DSHS Offers Hot Weather Precautions

News Release
News Release
August 6, 2013

News Release
August 6, 2013

As summer temperatures soar, the Texas Department of State Health Services urges people to be aware of thesigns of heat illness and to take precautions to protect themselves from heat exhaustion and heat stroke.

The elderly, young children, people with chronic diseases and those without access to air conditioning are most at risk.

Staying in an air conditioned area, either at home or at public places likemalls, libraries or community centers, is the best way to combat heat. If airconditioning is not available, open windows, pull down shades to keep outdirect sunlight and use fans to cool rooms.

The best defense against heat-related illness is prevention. Stay cool, drinkplenty of fluids, wear cool clothing and limit strenuous outdoor activities.Other precautions:

Take action at thefirst sign of heat illness. Symptoms of heat illness includeheavy sweating, muscle cramps, weakness, dizziness, nausea, weak but rapidpulse and headaches. People experiencing these symptoms should find shade,drink water slowly and make sure there is good ventilation. If symptoms don’timprove, seek medical attention.

Never leave anyone,including pets, in a parked vehicle – even for a short time.Vehicles can heat up to deadly temperatures within minutes. Cracking thewindows does little to keep temperatures down. If your child sits in the backseat, put your purse, briefcase, wallet or another essential item behind you soyou’ll notice your child is there before exiting the vehicle. Young childrenare particularly vulnerable to heat. Call 911 immediately if you see anunattended child in a vehicle.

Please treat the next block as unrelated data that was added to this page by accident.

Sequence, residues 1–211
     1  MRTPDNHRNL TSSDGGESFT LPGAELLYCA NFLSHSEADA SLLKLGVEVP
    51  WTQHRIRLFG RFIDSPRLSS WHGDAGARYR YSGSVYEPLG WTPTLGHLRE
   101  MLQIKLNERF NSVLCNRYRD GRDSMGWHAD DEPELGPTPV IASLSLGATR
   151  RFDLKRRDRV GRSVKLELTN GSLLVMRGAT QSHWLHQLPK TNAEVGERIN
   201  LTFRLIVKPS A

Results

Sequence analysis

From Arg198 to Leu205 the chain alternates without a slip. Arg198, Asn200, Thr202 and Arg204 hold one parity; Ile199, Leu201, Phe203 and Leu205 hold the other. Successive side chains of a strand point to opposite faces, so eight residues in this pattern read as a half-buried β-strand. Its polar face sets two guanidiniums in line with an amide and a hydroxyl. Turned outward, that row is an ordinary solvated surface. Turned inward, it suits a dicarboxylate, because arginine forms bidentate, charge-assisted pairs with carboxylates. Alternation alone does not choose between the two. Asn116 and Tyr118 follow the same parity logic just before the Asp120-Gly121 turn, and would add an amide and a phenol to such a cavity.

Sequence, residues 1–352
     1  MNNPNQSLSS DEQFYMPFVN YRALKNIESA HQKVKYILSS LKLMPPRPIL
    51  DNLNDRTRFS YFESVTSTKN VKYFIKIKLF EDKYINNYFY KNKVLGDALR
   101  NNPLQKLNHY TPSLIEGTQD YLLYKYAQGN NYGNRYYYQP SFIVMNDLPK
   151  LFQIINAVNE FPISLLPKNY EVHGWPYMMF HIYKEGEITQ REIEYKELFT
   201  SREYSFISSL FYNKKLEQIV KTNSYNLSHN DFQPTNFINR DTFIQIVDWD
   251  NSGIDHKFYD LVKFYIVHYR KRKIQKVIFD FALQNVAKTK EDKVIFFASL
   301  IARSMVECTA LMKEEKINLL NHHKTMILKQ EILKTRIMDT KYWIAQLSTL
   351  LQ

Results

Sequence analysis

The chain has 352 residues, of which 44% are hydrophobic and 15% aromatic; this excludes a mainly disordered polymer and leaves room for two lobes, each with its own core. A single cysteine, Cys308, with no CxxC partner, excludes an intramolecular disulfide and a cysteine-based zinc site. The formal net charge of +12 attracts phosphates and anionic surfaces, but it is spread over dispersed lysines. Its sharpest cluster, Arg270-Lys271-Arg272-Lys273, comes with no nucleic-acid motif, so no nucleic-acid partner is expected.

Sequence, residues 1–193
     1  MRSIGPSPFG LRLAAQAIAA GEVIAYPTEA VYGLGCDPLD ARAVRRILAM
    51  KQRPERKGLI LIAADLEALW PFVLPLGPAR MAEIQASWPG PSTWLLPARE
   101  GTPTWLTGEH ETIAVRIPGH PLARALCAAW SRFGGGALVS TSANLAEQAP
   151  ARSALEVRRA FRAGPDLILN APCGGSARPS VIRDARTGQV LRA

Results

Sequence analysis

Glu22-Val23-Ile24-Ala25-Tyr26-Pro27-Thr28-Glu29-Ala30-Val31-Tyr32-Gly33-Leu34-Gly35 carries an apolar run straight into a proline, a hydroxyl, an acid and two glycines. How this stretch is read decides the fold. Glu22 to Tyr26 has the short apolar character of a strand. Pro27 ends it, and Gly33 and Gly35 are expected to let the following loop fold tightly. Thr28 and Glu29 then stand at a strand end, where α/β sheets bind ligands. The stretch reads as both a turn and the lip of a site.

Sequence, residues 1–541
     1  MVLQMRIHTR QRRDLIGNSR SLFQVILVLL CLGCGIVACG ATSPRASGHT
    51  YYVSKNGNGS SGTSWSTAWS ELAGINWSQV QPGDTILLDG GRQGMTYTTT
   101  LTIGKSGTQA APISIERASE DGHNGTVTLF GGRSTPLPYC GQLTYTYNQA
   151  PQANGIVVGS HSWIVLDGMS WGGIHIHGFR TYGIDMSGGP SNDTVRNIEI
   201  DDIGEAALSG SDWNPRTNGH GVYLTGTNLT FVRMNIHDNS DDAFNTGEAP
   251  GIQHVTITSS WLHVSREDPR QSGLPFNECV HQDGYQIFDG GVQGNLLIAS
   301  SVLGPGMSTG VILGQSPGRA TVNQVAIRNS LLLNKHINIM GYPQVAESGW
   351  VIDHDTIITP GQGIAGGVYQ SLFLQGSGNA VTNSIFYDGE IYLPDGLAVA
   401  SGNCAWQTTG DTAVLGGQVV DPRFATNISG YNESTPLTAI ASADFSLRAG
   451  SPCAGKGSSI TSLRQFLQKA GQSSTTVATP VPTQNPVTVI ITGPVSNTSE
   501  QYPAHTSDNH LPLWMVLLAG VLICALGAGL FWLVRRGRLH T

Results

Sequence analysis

Check frequently onolder friends, neighbors and family members. Visit at leasttwice a day and watch for signs of heat illness. Assist them withtransportation to places with air conditioning and make sure they know what todo if they experience heat illness. Most deaths caused by heat stroke occur inpeople older than 50 years old. They are more likely to have a medicalcondition or be taking medication that can interfere with the body’s responseto heat.

Drink plenty of water.Drink liquids 30 minutes before going outside and continue even if you don’tfeel thirsty. Avoid alcohol, caffeine and sugary drinks.


(NewsMedia Contact: Chris Van Deusen, DSHS Assistant Press Officer, 512-776-7753.)

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